Driven by data; ridden with liberty.
After another flurry of elections in our Students’ Union, it should be discussed why voting is so important. This year, the University of Bath Students’ Union garnered another record turnout for their Officer elections of 4,563 students, or 29.1% of the electorate. Initially, this turnout seems quite low, but it was one of the highest amongst student associations in the country. The 2009 European Parliament elections had a turnout of 34%, but we can improve. The Elections Committee, the candidates and the wider union all work to induce and encourage students to vote.
(Video: University of Bath SU)
A higher turnout intravenously translates into more legitimacy for whoever is elected. This is fundamental when the President and other Officers represent the student body to multiple University committees and the Vice-Chancellor. In an email to all students, Professor Dame Glynis Breakwell said: “The well-established system of student representation which exists here at Bath is vitally important both to you as students and to the effective running of the University as a whole.”
There have been many successes over the years for the SU and the University of Bath, which was considered to be the ‘Best Campus University in Britain’ by the Times and Sunday Times Good University Guide. As an understatement, it has been fairly publicised that our University achieved the highest scores in the 2013 National Student Satisfaction (NSS) survey, with an overall satisfaction rate of 94%. The Student Centre was fiercely lobbied for by the SU, providing a great relaxation space and a grand house for our vital and essential Academic Representation Centre. On the day the Student Centre’s doors slid open, former SU President Daniel ‘Dot’ O’Toole noted that – much to his pride –students sat in the new building “as if it had always been there”.
On academic matters, there have been great strides made regarding feedback. According to the NSS survey, the average positive rate for feedback questions was 61% in 2010; 66% in 2011; 70% in 2012 and 75% in 2013. Both of the candidates for the Education Officer role wanted to continue this great momentum, representing your crucial concerns about the University’s feedback policy.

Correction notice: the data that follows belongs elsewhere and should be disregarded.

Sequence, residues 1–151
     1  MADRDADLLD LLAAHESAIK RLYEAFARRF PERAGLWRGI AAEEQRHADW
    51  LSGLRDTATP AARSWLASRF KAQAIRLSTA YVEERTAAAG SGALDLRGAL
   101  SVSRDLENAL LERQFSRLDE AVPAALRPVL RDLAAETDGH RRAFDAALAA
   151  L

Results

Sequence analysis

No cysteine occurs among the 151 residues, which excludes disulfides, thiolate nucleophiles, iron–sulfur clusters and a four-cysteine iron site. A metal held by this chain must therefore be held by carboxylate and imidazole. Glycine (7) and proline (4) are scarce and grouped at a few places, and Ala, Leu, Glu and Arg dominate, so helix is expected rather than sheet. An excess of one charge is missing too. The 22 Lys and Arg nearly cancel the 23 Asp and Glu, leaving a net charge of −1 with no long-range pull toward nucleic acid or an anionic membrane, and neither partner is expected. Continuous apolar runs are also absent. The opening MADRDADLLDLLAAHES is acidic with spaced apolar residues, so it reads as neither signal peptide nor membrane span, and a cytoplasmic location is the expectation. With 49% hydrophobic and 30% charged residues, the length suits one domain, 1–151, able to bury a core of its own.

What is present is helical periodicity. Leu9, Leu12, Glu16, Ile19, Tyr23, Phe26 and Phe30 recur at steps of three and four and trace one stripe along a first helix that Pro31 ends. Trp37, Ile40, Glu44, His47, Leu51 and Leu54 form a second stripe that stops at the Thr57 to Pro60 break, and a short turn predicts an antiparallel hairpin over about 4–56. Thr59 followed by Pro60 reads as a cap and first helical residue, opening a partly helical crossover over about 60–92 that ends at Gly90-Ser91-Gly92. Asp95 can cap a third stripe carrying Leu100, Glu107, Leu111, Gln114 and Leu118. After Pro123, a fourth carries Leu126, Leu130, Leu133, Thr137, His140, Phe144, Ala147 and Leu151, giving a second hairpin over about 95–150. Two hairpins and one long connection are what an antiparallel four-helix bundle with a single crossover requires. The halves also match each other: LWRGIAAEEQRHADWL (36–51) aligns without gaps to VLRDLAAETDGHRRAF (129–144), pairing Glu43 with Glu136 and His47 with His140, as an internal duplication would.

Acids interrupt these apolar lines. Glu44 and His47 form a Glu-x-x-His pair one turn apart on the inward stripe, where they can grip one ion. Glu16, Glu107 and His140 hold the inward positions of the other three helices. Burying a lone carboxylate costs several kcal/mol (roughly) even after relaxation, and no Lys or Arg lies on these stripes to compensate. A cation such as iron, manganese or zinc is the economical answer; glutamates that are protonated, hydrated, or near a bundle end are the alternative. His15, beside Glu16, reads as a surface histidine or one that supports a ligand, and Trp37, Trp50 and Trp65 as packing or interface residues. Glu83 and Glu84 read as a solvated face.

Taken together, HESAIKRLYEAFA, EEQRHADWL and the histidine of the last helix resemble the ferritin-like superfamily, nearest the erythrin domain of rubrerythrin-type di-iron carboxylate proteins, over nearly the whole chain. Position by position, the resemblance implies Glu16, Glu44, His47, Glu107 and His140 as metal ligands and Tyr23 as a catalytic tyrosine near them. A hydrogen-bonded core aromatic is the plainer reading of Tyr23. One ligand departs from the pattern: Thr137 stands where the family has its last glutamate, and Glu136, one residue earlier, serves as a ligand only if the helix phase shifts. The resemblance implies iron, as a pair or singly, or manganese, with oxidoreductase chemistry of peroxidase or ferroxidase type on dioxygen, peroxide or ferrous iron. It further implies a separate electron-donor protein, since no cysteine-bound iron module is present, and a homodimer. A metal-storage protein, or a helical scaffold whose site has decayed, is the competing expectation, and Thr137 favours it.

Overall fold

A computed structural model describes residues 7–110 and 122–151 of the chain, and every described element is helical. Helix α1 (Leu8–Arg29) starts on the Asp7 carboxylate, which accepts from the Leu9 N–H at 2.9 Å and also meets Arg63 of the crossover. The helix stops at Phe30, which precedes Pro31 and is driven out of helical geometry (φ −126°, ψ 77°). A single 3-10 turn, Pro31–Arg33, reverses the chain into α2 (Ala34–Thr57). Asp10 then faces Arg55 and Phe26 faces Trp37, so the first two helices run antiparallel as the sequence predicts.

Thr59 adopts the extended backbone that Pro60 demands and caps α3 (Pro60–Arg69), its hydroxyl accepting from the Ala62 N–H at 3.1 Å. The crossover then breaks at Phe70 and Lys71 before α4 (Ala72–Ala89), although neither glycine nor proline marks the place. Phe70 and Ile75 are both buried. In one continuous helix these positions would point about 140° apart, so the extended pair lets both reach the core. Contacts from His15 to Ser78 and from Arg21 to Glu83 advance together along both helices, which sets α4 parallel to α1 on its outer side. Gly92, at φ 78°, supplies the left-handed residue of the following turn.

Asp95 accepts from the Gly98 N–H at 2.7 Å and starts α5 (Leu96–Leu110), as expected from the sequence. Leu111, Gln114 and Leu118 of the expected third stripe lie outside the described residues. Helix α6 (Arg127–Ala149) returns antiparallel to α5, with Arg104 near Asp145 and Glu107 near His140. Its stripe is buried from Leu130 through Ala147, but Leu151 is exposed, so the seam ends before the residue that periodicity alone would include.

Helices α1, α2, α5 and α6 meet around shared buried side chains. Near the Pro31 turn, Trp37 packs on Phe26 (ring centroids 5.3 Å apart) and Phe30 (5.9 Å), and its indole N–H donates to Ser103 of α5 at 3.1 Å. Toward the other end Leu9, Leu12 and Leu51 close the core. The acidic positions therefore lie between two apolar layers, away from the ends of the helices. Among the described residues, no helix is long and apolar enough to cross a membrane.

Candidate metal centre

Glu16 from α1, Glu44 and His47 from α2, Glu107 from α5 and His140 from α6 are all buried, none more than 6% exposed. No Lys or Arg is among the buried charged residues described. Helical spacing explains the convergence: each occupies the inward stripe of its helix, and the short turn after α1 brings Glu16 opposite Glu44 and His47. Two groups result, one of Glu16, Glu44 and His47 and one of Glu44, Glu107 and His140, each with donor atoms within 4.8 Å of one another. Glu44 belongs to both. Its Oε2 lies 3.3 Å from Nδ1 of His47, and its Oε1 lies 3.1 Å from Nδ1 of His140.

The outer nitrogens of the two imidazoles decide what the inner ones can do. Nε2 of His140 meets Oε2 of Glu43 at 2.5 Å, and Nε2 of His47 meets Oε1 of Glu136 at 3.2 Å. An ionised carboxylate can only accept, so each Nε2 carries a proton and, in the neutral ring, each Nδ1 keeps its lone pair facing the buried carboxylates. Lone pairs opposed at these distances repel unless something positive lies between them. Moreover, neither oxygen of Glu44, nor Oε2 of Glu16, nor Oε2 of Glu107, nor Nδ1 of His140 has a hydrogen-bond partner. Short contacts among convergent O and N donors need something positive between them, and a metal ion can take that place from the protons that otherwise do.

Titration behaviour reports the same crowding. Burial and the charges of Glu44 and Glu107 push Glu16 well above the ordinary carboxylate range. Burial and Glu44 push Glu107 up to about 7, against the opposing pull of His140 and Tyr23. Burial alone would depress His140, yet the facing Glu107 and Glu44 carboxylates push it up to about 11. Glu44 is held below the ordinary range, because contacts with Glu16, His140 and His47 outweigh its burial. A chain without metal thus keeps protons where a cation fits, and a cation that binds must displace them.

Another exhortation, occasionally heard from postgraduates, is that their abstinence from the SU means they can refrain from voting. The Community Officer – as well as the other members of the team – highlights student concerns to the wider community, such as the local council. SU campaigning ameliorated the limitations placed on shared housing, which is commonly used by students at all levels of study, in the city of Bath. The Education Officer leads the Research Academic Council, which considers prominent issues for postgraduates like procedures relating to the student-supervisor relationship. If postgraduates drive for accreditation for their tutoring work, this would be achieved through the Research Academic Council and the Postgraduate Association.
Lastly, the final toll for apathy is that all the candidates are the same. Despite differences in priorities, methods and values, these common similarities may seem as if the candidates are separate protruding limbs of a single amoebic blob. If you feel that the present composition of Officers is unsatisfactory, then I dare you to do better. To wet your tongue for student representation, be an academic representative, or seek election as a Faculty representative or on executive committees for societies and sports. Being an event manager for Freshers’ Week or One Bath will give you excellence experience, as well as allowing you to find your prospective electorate’s needs, tastes and concerns. You can get involved in the Media Group, where you will learn many things about your SU through osmosis, or you can just shout ‘Sport!’ whenever you see the current SU President.
This is our SU, and I urge you to step forward.
Note: This article was written for the next issue of bathimpact, the University of Bath Student Media newspaper. The comment section is edited by Helen Edworthy.